Yes, the vacuum pump may be damaged by turning the engine backward, though for my experience, this is low probability. The more serious problem is for larger continental engines which have a newer style starter adapter. In this case, by turning the engine backward, you're also trying to turn a worm and worm wheel backward, which does not work in these. When you try, you'll feel resistance, don't fight it. Also, these engines don't like kickback during starts. My friend trashed his continental with a new style adapter with a mismanaged jump start. The engine was filled with starter drive gear bits. Do regular live mag checks, and pull the engine through forward with immense caution
This is the correct answer! As usual DAR is a treasure trove of information !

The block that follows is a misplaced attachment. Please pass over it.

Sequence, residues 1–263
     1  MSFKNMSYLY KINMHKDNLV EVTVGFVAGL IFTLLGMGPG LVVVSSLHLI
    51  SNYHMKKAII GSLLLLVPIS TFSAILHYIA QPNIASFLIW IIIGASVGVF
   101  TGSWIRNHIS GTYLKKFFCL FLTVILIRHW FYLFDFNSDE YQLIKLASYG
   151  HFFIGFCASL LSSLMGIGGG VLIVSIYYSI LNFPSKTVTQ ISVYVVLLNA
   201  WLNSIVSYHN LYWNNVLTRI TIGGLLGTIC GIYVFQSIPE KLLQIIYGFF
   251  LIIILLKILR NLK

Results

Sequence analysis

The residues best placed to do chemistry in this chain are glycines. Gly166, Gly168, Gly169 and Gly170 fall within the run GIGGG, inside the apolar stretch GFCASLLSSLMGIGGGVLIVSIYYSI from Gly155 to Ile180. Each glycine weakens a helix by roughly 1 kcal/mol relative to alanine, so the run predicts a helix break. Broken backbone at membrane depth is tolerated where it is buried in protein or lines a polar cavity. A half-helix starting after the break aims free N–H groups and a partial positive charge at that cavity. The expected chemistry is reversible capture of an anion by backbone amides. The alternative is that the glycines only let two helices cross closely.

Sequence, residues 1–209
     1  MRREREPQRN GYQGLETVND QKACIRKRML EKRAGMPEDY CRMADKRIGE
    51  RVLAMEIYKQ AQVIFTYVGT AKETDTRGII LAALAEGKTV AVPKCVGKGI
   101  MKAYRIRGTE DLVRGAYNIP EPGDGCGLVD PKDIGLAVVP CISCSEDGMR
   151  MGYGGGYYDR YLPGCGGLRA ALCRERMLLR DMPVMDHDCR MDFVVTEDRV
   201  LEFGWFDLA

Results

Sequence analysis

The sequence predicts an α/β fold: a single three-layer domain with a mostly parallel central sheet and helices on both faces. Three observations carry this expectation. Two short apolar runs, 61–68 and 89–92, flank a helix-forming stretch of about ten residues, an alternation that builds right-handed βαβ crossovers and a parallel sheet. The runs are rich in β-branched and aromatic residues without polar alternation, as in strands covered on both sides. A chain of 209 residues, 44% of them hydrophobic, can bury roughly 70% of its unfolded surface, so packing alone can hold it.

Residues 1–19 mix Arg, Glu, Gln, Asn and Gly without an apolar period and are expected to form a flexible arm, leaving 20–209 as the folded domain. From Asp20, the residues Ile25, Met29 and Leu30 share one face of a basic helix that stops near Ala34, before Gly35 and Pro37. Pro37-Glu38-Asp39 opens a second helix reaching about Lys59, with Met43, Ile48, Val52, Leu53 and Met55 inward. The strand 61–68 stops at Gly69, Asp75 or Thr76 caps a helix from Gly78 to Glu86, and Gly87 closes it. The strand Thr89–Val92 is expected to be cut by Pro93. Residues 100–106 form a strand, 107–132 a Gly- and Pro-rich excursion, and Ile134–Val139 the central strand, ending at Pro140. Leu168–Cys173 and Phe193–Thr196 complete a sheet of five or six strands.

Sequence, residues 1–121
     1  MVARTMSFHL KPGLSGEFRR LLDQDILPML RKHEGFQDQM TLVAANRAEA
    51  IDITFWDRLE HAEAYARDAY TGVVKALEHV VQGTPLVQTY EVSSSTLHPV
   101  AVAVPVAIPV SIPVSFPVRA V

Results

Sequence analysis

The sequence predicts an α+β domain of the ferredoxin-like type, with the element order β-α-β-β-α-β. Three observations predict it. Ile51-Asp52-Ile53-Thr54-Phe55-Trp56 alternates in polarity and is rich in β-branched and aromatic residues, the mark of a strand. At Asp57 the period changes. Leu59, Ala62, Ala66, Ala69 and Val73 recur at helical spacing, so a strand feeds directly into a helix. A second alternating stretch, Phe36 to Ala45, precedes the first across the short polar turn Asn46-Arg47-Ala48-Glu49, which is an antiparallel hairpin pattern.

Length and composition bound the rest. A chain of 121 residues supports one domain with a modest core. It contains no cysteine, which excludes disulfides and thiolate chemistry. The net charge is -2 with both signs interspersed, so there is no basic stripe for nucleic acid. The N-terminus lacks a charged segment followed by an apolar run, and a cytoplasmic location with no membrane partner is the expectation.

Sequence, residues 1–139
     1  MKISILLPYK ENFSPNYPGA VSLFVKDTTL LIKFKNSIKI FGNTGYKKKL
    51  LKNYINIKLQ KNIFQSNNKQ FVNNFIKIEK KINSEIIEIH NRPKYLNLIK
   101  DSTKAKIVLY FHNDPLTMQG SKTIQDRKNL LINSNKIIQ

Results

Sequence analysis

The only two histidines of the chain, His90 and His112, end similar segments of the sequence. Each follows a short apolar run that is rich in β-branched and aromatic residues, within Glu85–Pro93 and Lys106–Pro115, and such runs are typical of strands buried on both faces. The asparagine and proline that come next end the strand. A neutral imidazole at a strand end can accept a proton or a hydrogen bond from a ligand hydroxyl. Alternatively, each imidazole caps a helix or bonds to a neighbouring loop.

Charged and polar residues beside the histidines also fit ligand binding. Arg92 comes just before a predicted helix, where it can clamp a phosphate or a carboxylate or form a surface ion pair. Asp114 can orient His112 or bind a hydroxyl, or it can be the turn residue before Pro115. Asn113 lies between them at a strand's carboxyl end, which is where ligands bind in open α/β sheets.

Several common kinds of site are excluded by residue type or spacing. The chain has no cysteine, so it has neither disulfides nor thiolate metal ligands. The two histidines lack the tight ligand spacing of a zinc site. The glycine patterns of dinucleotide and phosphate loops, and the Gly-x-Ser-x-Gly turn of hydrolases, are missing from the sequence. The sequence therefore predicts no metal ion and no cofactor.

I have an older 182 with the older design adapter, had to go through all the information and learn everything ( even as an AME who should know better? ) Not a great design, but my engine can be turned backwards, do not worry about brushes or vacuum pumps too much but IF the starter drive does not allow backwards rotation do not do it!
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Re: Damaging an engine by turning the prop backwards

Post by Ki-ll » Mon Jun 10, 2019 8:07 pm

goingnowherefast wrote:
Mon Jun 10, 2019 4:44 pm
Free turbines spin the prop the wrong way all the time on windy days
That’s not a good thing.
At least on the Garret that’s a big no no since starter-generator brushes are worn in only one way, spinning them the other way is not good.